At present, the NDP is polling quite high in B.C. These new proposed borders could help facilitate a near sweep for the party in Vancouver Island. At the very least, they will probably gain the new riding of South Cowichan—Juan de Fuca, but it might come at the expense of losing the Esquimalt riding that they currently hold. Most of the proposed ridings on Vancouver Island appear to be marginal, meaning a good election for the Tories might mean winning almost all the seats there as well.

As for the boundaries themselves, I would definitely shrink the proposed ridings a bit so that Powell River remains out of Vancouver Island North. Most of the proposed ridings are still over sized, so why include an area that is not already in the region? I would also maybe try and re-configure the Victoria suburban ridings so that Juan de Fuca and South Cowichan are lumped in together. But, even if changes are made, two regions with little to with each other would have to be lumped together anyways.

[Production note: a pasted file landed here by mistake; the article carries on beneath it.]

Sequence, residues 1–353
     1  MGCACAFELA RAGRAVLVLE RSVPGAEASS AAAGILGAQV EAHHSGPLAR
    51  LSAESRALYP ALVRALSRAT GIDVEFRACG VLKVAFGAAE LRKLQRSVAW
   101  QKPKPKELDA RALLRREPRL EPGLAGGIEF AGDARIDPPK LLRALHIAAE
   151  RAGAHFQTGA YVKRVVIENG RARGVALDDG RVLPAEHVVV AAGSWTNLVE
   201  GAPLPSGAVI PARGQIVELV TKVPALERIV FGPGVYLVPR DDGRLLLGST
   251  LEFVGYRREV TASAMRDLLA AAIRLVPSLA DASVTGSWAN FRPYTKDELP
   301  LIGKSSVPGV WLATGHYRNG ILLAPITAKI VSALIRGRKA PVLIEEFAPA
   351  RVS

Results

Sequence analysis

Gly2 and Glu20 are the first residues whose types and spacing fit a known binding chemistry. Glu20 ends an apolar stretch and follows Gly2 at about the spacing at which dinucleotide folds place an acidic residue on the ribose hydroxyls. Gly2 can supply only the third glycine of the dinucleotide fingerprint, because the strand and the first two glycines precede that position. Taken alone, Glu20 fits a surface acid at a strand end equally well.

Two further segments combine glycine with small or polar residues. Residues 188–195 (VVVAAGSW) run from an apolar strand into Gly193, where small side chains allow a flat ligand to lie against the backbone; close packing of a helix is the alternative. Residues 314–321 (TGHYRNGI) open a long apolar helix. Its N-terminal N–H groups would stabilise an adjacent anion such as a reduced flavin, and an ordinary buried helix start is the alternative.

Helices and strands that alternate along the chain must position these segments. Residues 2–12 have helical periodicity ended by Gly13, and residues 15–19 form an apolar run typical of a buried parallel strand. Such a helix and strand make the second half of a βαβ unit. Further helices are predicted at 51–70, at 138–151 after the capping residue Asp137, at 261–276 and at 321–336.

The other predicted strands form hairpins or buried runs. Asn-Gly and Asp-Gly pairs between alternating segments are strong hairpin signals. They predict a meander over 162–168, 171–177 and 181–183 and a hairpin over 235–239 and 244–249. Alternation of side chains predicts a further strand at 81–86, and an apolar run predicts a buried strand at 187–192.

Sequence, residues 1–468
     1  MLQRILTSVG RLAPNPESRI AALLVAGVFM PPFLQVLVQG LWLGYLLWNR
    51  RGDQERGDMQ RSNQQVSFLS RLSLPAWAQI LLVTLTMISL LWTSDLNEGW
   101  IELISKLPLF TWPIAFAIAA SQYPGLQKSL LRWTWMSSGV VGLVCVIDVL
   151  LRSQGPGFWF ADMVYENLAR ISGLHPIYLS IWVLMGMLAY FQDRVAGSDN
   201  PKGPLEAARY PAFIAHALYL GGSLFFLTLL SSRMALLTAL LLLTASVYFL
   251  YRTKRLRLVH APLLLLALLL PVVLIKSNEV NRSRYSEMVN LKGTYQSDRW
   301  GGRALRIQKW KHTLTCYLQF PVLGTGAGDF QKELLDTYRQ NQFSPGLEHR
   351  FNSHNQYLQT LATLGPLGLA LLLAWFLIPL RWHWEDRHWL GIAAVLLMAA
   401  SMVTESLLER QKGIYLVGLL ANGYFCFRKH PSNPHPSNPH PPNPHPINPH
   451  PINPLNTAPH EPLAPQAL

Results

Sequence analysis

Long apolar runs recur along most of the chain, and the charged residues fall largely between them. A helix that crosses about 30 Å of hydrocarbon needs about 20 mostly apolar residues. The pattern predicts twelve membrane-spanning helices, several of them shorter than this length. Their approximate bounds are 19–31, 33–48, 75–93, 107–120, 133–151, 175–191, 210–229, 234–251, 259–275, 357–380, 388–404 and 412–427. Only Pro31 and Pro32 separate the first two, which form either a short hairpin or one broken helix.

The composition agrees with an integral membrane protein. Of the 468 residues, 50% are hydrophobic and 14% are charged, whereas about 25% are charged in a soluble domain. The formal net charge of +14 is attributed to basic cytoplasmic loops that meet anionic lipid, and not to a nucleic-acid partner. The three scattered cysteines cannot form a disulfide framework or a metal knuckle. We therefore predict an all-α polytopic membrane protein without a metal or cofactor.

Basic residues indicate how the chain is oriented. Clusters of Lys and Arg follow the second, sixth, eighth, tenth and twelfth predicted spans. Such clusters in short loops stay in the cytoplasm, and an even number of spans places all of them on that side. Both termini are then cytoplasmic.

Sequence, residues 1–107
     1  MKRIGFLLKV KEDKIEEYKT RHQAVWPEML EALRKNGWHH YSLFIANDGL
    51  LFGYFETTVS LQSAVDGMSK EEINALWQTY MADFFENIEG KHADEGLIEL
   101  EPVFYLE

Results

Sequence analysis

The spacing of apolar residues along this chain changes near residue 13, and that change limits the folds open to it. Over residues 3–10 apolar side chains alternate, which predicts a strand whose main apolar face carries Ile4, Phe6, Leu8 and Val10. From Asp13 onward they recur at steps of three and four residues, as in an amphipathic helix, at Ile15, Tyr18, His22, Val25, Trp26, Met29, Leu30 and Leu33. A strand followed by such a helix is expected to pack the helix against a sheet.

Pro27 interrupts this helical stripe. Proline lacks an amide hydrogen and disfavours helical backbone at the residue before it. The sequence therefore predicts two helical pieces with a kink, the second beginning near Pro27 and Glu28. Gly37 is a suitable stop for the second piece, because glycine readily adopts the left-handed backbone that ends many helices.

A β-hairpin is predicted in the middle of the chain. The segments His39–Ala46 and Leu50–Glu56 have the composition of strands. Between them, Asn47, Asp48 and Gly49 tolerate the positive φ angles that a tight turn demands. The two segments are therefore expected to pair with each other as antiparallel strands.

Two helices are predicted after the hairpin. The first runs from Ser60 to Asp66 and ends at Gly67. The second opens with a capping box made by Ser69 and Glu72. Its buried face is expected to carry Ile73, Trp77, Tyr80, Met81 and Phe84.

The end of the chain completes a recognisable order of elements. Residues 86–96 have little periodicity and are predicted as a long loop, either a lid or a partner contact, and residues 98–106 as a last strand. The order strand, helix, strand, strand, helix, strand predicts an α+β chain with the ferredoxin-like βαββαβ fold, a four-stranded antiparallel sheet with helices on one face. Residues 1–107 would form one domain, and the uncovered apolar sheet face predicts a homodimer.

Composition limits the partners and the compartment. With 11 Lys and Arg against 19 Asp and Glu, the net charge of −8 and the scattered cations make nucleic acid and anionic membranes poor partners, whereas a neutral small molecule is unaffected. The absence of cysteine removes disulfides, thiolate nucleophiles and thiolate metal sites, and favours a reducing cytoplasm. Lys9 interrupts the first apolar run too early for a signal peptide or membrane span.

1. Here is another idea. I see your point about having Powell River and a piece of the west coast of the mainland in the north Vancouver Island riding...but there is a long history of there being a riding that combined northern Vancouver Island with the coast (remember the riding of Comox-Powell River that was there from the 1970s up to the 90s)?

    What I think is really nuts is taking the whole sunshine coast that is full of loggers and fishermen etc...and putting them in the same riding with West Vancouver and Whistler - which is all filthy rich monster homes and lots of ostentatious new money etc...Why can't they take ALL of the sunshine coast away from the West Vancouver-Sunshine Coast-Sea to Sky highway riding and then move the boundaries of that riding east to take in a chunk of North Vancouver and then North vancouver can move east and take in the chunk that was going to be merged with Burnaby?

    If you take the entire Sunshine Coast and add it to North Vancouver Island minus the half of Courtenay that would then be given to Nanaimo-Alberni - you would have a nice NDP-friendly riding that would essentially be composed of the two provincial ridings of Powell-River-Sunshine Coast and North Island.

  2. Expand further into the mainland? And give Vancouver Island ridings even more people? That wouldn't work at all. I see your point of having Powell River in with Vancouver Island, but it's not necessitated by population. And just because it was done historically, doesn't mean it's okay. Ideally none of Vancouver Island North would be on the mainland.